He is receiving a hoof trim, a bath, grooming and some close contact pressure bonding.

At times, I may decide to have 1, 2, or 3 front or rear arms in their slots, according to the tameness and experience of that particular equine and also depending on what I am doing.

This is an APECS near completion. Needs framed in at top, stall mats, a roof and more solid ground around outside footing.

 Thorough sensitizing and familiarization maneuvers.  This is play for me, but a play for me with reason and rhyme, particularly with new horses.  The APECS brings me to a whole new level of learning about the horse, as he is learning about me, the human.

On this tie-post post, I have used porcelain door knobs as the rope catch.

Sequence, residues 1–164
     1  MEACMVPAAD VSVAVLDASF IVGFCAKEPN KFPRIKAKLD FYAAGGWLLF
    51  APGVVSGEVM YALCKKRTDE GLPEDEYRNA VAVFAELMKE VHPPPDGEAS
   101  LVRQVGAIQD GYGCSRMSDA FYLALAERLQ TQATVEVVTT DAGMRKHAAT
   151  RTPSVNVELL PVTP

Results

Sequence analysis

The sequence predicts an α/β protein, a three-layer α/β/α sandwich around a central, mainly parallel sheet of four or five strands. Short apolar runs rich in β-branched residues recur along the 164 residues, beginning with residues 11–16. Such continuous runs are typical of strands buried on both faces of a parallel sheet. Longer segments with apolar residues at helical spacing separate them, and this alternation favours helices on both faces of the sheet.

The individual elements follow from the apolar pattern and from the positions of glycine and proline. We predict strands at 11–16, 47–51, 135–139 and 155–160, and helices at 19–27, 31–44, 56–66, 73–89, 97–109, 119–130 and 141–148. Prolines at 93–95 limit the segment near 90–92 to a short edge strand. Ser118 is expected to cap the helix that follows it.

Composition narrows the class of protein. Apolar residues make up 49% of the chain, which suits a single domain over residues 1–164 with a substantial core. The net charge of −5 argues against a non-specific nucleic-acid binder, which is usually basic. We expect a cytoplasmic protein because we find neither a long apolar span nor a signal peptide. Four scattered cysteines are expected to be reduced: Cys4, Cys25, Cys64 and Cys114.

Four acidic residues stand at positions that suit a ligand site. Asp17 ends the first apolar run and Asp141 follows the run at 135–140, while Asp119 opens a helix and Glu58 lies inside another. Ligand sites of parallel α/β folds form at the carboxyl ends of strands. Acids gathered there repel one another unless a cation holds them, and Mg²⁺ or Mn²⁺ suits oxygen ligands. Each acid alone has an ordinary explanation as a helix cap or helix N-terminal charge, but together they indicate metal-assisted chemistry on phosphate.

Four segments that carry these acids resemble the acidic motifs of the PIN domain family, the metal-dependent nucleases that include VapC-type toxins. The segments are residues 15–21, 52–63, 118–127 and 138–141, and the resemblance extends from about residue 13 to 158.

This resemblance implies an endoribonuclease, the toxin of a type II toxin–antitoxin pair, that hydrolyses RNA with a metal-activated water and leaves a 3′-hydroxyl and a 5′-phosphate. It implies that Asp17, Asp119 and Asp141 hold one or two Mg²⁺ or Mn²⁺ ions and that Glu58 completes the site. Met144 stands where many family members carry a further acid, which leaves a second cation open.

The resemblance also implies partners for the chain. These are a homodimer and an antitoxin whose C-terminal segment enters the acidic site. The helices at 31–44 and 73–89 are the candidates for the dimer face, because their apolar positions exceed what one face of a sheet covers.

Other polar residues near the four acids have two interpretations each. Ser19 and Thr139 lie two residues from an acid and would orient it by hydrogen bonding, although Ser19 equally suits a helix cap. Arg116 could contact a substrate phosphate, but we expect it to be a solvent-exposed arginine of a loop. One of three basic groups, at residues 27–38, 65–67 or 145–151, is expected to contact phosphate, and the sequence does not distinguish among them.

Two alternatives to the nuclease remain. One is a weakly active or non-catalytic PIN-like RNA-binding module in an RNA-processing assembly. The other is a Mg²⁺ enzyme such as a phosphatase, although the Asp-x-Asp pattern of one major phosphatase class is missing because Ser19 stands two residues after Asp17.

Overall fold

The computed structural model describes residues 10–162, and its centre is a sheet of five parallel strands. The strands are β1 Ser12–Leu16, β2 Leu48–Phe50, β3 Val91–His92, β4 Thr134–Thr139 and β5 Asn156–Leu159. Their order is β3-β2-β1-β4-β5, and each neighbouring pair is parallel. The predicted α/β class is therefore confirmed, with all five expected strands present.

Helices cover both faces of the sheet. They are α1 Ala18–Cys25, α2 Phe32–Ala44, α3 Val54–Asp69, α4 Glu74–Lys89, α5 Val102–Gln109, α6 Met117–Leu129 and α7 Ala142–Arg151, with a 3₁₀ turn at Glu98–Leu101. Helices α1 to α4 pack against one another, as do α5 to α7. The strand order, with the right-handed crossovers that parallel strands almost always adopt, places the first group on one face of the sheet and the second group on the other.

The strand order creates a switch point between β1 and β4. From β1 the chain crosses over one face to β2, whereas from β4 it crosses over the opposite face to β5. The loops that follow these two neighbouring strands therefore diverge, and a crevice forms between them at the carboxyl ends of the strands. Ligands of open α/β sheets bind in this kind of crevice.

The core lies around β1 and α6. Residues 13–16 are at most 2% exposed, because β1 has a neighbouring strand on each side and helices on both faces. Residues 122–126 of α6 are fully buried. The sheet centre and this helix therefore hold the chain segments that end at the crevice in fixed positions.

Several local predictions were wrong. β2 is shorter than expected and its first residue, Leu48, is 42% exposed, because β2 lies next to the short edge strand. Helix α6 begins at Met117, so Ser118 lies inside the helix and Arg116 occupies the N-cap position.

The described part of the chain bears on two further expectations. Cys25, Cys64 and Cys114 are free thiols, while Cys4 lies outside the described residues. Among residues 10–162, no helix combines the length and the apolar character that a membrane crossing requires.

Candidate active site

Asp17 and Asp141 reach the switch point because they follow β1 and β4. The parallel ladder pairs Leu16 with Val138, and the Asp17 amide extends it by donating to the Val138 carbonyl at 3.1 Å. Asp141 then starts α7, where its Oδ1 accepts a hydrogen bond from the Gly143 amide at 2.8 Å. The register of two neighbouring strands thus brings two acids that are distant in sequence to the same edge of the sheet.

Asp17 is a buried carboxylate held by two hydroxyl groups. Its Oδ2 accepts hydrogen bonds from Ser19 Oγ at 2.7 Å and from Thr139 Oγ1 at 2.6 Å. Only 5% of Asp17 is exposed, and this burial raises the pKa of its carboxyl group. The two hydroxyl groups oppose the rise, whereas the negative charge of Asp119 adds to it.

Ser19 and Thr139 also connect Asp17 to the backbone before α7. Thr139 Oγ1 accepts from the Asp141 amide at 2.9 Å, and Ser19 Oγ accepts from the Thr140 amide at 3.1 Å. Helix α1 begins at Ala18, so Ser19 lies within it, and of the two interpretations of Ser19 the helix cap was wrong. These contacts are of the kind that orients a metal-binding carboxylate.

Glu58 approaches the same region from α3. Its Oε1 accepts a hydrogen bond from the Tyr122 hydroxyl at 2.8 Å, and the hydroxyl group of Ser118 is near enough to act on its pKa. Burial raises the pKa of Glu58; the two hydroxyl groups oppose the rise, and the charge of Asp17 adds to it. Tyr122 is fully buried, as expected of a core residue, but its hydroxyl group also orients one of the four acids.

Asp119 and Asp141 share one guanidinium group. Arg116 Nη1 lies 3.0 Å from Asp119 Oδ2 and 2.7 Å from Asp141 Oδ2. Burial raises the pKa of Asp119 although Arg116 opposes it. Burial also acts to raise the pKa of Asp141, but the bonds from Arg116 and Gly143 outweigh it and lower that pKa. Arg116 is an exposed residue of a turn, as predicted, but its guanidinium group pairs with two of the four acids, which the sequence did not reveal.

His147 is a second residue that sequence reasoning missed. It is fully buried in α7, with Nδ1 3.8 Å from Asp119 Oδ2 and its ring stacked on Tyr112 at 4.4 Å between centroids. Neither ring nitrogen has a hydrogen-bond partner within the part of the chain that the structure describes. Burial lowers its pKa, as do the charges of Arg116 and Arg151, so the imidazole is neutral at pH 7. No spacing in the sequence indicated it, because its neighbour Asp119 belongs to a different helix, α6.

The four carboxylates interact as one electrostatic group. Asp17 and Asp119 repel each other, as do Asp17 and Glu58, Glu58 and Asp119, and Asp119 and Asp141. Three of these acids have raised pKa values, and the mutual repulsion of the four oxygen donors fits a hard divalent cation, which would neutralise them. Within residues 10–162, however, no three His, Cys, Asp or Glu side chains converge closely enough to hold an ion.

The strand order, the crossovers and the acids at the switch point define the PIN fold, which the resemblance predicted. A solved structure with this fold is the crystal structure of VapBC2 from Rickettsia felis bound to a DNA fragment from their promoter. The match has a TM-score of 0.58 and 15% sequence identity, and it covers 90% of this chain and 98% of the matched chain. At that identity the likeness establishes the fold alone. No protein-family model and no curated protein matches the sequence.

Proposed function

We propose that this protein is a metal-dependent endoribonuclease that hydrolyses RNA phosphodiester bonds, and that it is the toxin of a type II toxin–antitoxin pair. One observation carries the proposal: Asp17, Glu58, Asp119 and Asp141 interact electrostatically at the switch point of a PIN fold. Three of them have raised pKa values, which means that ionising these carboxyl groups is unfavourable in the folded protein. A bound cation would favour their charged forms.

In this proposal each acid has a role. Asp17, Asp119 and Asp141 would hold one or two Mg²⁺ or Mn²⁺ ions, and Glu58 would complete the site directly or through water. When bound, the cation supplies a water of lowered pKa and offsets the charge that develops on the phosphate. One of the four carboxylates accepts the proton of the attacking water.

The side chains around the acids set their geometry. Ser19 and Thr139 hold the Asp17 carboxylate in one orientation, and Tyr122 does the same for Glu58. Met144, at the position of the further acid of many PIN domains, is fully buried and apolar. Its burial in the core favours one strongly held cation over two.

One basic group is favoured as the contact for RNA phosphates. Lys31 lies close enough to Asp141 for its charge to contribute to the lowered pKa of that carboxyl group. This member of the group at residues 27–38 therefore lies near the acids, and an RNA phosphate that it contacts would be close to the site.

Again, notice that I can wrap the rope around this post and gauge the slip or clutch of the line.  Depending on what I am doing at the time, I may user a shorter or longer lead line.  Often I have the horse not tied at all, it helps them be soft at the neck and pole, and I help them find a comfortable corner of the stock to use as support / security.  All of this helps horses to be more relaxed and cooperative with hoof-work, and again, particularly horses that are suffering with any form of discomfort.

Softening the horse.

Stay tuned for more photos and explanations of the APECS stockade coming in a few days.

As an experienced hoof care provider and dealing with severe cases of white line disease and other hoof ailments, I strongly advocate hydrotherapy, bathing and disinfecting the hooves on a regular basis, or at least during recovery treatments.